NC State Extension Publications

Pathogen

Septoria leaf spot is caused by the fungus Septoria steviae.

Host Crop and Plants

Septoria steviae has been reported on stevia in Japan, Canada, and the United States. At this time stevia is the only known host for Septoria steviae.

Symptoms and Signs

Symptoms of Septoria steviae begin as small necrotic lesions at the base of the plant that gradually move upward in the canopy under favorable environmental conditions (Figure 1). As the season progresses, lesions coalesce leading to necrosis of entire leaves and eventual defoliation of the canopy (Figure 2). Within the lesions, S. steviae forms structures known as pycnidia that house asexual spores called conidia (Figure 3).

Septoria leaf spot

Figure 1. Septoria leaf spot lesions at the base of stevia plants.

Defoliation

Figure 2. Stevia plant totally defoliated due to Septoria leaf spot.

Pycnidia and conidia

Figure 3. Septoria steviae pycnidium embedded in leaf tissue releasing asexual conidia that can infect surrounding plant material.

Disease Cycle

Septoria steviae infection can begin in greenhouse production, which results in the introduction of inoculum to the field (Figure 4). When stevia is grown as a perennial, inoculum is able to overwinter in plant debris and re-infect stevia plants as new stems emerge the following season (Figure 5). As lesions are formed, pycnidia release conidia that can be spread through rain splash throughout the season allowing the pathogen to move up the canopy (Figure 3). Disease spreads most rapidly in periods of high rain fall with cool night temperatures, typical of NC environmental conditions in September and October.

symptomatic transplants

Figure 4. Stevia seedlings that were infected by Septoria steviae in the greenhouse and planted in the field.

lesions

Figure 5. Stevia stems emerging in a second year plant with symptoms of Septoria leaf spot.

Management

Cultural Control

Resistant germplasm is not commercially available at this time. Sanitation in greenhouse production to reduce inoculum entering new fields is the best way to limit the spread of Septoria leaf spot at this time. Field research has shown that harvesting in September, before environmental conditions become highly conducive for disease progression, can result in higher yields than October harvests.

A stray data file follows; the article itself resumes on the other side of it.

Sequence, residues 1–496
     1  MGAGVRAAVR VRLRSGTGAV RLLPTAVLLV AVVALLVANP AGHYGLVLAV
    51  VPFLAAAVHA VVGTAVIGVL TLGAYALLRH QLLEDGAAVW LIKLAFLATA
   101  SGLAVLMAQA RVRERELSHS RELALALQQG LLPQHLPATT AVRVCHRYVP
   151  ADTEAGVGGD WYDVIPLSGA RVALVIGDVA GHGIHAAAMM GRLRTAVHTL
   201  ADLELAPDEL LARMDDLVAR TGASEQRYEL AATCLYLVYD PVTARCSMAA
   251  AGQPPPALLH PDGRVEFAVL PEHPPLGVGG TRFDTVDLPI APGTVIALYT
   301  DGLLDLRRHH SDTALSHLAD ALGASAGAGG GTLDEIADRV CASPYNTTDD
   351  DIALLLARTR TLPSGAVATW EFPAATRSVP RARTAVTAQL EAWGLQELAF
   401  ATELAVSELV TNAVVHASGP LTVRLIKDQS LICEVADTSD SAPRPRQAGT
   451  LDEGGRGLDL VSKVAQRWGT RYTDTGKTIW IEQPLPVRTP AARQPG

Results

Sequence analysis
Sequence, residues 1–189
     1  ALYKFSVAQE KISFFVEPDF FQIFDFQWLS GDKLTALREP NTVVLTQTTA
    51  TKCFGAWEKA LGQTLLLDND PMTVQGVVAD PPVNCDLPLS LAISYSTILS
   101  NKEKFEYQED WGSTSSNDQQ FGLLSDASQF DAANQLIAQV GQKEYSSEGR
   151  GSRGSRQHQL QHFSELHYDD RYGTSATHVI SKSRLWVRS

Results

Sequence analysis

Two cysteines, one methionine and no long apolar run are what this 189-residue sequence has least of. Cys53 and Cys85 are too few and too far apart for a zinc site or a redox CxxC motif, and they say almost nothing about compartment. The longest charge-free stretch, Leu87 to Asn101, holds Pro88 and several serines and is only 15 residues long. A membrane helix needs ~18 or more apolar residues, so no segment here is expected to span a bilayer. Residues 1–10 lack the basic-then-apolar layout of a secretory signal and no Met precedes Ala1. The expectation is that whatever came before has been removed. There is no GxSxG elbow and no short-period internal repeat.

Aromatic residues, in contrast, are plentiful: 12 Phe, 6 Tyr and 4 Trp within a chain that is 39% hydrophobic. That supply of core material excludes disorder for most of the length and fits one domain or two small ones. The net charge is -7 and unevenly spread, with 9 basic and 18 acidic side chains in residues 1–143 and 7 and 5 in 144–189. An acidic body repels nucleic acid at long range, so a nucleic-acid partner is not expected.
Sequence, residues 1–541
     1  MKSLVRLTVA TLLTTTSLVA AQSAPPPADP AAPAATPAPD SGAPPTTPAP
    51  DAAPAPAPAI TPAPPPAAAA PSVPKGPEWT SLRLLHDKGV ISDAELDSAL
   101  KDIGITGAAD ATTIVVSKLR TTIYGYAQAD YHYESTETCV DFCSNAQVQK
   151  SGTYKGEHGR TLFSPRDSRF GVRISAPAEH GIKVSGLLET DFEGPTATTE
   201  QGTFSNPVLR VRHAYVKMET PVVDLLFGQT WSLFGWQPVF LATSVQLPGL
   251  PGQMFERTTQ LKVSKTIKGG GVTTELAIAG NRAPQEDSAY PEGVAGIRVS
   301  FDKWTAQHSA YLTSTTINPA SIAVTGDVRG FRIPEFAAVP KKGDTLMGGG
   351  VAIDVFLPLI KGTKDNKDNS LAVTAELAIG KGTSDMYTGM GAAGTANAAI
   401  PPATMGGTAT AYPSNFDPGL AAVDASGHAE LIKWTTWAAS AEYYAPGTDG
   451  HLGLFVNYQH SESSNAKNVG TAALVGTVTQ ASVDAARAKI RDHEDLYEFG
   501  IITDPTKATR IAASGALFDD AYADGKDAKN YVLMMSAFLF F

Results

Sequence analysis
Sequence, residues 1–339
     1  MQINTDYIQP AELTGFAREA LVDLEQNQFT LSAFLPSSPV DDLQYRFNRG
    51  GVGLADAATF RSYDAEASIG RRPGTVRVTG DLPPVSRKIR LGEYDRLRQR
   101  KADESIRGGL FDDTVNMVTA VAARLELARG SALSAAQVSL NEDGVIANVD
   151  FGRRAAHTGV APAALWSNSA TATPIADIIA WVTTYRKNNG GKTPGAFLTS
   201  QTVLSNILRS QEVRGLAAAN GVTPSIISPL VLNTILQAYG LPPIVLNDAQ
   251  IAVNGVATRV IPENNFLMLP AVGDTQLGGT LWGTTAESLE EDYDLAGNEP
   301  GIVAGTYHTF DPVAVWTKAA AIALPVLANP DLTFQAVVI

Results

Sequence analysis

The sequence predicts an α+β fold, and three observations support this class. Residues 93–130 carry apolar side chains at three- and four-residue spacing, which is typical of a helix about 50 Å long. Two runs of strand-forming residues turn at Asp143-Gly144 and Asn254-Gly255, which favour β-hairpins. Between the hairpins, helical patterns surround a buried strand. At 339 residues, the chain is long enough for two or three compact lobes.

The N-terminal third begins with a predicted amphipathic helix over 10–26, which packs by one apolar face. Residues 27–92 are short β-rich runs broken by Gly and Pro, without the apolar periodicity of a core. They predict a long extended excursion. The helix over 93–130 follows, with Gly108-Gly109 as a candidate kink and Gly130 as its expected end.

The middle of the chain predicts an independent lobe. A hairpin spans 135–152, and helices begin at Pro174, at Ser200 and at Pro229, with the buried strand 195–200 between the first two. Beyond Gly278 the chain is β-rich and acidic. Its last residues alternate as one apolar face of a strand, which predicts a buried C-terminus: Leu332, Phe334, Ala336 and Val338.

Chemical Control

Stevia is a new crop and does not have any products labeled for management of Septoria leaf spot at this time. Efficacy field trials have been conducted to assist in establishing labels for S. steviae control in stevia production.

References

Ishiba C, Tani T, Yokoyama T. 1982. Leaf spot disease of stevia caused by Septoria steviae. Annals of the Phytopathological Society of Japan. 48:34-43.

Koehler A.M. and Shew H.D. 2018. Field efficacy and baseline sensitivities of fungicides used for the management of Septoria leaf spot of stevia. Crop Protection. 109:95-101.

Koehler A.M. and Shew H.D. Evaluation of Seranade Opti and Kocide 3000 for control of Septoria leaf spot on stevia in North Carolina, 2016. Plant Disease Management Reports.

Lovering N, Reeleder R. 1996. First report of Septoria steviae on stevia (Stevia rebaudiana) in North America. Plant Dis. 80:959.

Reeleder, R. 1999. Septoria leaf spot of Stevia rebaudiana in Canada and methods for screening for resistance. Journal of Phytopathology. 147:605—613.

Authors

Research Technician
Entomology and Plant Pathology
Phillip Morris Professor
Entomology and Plant Pathology

Publication date: May 4, 2018

North Carolina State University and North Carolina A&T State University commit themselves to positive action to secure equal opportunity regardless of race, color, creed, national origin, religion, sex, age, veteran status or disability. In addition, the two Universities welcome all persons without regard to sexual orientation.